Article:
JCMS: Journal of Common Market Studies, 57(3) pp 580-598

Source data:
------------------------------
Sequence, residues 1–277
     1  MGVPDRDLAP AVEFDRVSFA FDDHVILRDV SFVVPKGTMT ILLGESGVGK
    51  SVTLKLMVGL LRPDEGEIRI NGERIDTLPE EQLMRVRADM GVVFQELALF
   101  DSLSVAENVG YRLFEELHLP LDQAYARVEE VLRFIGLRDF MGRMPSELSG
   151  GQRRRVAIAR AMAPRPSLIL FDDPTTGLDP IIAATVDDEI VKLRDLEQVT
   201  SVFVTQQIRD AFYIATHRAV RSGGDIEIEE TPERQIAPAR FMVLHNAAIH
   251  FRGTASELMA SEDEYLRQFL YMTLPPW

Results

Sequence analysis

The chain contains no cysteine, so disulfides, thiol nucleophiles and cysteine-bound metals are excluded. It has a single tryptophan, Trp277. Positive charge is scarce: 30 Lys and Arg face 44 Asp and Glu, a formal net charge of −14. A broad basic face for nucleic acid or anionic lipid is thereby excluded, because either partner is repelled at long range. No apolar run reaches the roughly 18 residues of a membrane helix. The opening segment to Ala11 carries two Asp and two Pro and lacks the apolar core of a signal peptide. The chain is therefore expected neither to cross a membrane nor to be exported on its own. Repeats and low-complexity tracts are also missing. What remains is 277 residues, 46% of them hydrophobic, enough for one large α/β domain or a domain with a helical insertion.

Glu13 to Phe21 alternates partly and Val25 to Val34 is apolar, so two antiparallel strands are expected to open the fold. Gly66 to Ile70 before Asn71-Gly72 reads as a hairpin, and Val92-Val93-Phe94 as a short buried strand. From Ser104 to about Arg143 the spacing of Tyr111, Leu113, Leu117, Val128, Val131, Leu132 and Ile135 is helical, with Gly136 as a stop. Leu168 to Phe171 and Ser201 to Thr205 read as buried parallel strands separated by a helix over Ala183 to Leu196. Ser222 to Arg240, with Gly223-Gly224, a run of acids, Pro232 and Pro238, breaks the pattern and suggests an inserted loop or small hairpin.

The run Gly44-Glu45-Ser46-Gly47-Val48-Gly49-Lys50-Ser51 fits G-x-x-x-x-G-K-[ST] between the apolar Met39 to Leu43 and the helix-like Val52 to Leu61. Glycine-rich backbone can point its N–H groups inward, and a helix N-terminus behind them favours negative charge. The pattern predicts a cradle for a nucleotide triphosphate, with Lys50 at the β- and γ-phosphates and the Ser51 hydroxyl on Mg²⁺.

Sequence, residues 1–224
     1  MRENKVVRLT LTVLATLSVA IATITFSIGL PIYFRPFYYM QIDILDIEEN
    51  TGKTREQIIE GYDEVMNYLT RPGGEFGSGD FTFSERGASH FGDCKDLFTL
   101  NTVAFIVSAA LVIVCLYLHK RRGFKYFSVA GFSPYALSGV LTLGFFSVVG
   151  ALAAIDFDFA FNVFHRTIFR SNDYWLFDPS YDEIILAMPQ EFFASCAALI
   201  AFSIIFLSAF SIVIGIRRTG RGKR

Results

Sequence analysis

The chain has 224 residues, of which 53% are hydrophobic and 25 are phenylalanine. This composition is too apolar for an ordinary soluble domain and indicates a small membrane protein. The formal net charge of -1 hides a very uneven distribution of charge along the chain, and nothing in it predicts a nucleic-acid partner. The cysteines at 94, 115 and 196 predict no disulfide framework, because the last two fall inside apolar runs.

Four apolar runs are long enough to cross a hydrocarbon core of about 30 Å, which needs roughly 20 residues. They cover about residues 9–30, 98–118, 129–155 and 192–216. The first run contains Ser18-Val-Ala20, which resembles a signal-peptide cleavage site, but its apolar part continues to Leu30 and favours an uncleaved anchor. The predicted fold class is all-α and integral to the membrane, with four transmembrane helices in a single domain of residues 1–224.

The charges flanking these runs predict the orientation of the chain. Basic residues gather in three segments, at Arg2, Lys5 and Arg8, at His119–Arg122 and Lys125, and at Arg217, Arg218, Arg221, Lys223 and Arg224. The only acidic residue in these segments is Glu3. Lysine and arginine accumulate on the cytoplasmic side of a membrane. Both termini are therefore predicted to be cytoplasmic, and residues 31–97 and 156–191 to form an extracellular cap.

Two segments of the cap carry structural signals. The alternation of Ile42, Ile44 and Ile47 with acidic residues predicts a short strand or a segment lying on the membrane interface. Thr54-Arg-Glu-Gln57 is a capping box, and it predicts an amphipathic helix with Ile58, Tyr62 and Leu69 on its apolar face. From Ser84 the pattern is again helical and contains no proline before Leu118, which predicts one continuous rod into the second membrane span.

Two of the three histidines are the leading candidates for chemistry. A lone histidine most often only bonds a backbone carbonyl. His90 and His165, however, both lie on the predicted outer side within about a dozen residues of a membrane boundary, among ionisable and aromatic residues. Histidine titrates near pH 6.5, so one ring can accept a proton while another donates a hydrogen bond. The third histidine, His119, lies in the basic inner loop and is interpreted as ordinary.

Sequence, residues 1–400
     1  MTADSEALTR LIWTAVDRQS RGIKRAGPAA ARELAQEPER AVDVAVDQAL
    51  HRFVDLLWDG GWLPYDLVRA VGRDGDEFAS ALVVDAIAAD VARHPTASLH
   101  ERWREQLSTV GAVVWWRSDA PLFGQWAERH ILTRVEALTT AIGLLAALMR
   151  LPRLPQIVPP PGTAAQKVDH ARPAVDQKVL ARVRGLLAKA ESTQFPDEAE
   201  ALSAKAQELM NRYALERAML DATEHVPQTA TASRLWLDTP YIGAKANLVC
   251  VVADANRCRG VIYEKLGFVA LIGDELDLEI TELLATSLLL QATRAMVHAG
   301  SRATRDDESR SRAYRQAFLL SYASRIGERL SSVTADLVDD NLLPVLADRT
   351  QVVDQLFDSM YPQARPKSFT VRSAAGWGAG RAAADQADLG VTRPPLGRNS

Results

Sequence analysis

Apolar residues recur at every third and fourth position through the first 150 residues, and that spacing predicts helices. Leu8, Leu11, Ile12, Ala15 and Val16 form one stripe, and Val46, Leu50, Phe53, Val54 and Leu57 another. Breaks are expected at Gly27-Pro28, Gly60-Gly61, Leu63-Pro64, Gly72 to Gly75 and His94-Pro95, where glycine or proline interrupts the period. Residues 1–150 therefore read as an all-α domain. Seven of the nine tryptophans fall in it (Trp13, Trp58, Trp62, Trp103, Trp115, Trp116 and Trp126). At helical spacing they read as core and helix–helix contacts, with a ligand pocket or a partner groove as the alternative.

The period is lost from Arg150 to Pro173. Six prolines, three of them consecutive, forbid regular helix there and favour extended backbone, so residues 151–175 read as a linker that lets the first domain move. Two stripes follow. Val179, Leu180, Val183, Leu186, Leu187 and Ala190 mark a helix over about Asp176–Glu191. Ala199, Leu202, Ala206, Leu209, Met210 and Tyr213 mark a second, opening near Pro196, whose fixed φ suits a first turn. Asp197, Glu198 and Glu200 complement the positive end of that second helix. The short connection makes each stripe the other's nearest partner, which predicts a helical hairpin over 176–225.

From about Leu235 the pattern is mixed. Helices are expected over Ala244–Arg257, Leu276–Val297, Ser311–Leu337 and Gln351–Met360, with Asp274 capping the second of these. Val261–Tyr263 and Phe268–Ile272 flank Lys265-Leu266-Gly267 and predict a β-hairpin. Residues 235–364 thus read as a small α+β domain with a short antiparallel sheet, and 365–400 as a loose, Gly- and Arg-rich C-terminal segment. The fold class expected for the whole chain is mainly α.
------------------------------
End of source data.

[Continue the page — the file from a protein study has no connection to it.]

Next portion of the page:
This article examines how religious affiliation shapes support for European Union membership. While previous research has shown that Protestants are typically more eurosceptic than Catholics, little is known about the nature of this relationship: specifically, whether religion affects one’s utilitarian assessments of the costs and benefits of membership, or one’s affective attachment to the EU. Using the 2016 British Election Study Referendum Panel, this article shows that religious affiliation influences both sets of attitudes, suggesting that the values and shared history associated with one’s religion shapes how a voter perceives the performance of the EU in delivering its policy objectives, and its operation as a legitimate institution. Moreover, some findings from previous research are challenged: Protestants are not as unified in their scepticism of the EU as is widely assumed, and the positive relationship between Catholicism and support for EU integration is not apparent in the UK.